• 14
    I struggled with belly fat for twelve years during and after
    menopause. Exercise and dieting really did not change
    the shape of my body even when I lost weight. And if
    I would regain, it all settled right on my belly. My waist
    which had been 26'-27" had become 34"-35."

    Finally two years ago I solved the puzzle. My waist is
    now 25." Size four jeans are loose in the waist!

    How did I do this? It is a combination of interval training
    which only takes about 30 minutes three times a week
    and a diet that is centered around low glycemic foods
    as well as lots of omega 3 fats. I have lost 60 pounds
    and completely reshaped my body. And I find it a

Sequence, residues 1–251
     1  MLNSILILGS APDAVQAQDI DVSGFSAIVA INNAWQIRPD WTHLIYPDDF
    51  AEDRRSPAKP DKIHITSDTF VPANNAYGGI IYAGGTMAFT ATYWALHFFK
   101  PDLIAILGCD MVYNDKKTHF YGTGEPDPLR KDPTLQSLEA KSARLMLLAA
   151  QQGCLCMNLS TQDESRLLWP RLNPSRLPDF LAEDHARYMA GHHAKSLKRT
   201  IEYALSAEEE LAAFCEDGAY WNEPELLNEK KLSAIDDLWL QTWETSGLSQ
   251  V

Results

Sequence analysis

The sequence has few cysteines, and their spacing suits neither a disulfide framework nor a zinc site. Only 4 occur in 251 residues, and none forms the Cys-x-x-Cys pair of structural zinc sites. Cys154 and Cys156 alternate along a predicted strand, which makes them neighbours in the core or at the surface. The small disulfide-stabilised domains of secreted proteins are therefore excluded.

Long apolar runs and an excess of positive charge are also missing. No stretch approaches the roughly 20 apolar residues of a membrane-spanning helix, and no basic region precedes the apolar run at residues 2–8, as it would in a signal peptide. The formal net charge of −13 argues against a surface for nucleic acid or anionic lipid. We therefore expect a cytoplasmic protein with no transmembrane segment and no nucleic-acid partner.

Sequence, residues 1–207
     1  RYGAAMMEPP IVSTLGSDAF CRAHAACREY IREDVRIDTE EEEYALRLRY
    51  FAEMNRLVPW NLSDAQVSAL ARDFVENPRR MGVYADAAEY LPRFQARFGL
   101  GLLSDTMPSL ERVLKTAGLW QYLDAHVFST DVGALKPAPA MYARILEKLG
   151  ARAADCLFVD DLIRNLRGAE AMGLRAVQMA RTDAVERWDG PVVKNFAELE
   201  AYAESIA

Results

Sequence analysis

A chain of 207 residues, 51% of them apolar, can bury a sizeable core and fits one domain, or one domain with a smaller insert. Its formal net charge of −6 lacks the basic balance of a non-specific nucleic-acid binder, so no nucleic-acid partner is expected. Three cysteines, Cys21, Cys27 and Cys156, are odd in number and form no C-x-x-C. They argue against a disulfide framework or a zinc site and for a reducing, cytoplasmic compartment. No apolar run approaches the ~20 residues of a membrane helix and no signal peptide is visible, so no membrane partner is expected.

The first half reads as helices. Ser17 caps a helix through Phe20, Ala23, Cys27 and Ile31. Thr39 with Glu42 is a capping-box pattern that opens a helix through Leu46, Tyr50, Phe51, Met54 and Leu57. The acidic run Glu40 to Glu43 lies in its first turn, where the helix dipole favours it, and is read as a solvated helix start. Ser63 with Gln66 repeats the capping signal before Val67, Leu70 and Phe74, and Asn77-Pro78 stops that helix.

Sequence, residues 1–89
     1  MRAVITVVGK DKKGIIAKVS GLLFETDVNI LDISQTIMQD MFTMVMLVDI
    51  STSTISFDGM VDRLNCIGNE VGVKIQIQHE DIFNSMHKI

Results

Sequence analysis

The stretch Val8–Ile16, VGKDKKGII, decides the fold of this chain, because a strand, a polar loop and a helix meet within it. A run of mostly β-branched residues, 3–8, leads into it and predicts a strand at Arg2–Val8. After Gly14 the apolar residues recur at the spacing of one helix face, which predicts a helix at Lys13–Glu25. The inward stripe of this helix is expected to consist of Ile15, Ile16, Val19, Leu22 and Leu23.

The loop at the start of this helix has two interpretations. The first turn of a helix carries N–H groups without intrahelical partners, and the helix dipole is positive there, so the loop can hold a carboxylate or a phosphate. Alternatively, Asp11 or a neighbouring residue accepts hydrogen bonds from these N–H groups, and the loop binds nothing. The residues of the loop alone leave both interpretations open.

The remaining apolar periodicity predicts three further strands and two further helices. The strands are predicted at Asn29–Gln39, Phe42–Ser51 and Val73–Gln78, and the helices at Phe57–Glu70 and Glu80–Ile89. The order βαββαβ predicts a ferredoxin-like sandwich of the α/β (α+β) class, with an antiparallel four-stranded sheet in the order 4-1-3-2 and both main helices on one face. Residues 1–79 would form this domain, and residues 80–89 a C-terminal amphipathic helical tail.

very easy program to follow.

    - 6/15/2011   2:01:25 PM
  • 13
    I am starting to go through menopause. I have maintained my weight and %body fat for about 4 years. In the last month or two, I have notices a change in my body shape. My belly bulge is much more pronounced. I am starting to feel flabby and fatter. I have not been on a scale for a couple of weeks (the last time I was I had gaind 2 pounds). I am a bit nervous because I think the gain is up to about 5 now. My diet and exercise has been pretty consistent but based on what I just read that is not going to work any longer. I suppose I will have to build more time into my day for my workouts, adjust my intake and really watch the weight like a hawk. I refuse to give in, I have worked way to hard to be where I am now. - 6/15/2011   1:52:15 PM
  • 12
    I'm laughing at MEATBALL44.

    Great blog!

    I'm not 50 but I believing in preparing for the future. - 6/15/2011   12:57:19 PM
  • 11
    I think this is one reason why I glommed onto having a major part of my personal yoga practice be pilates.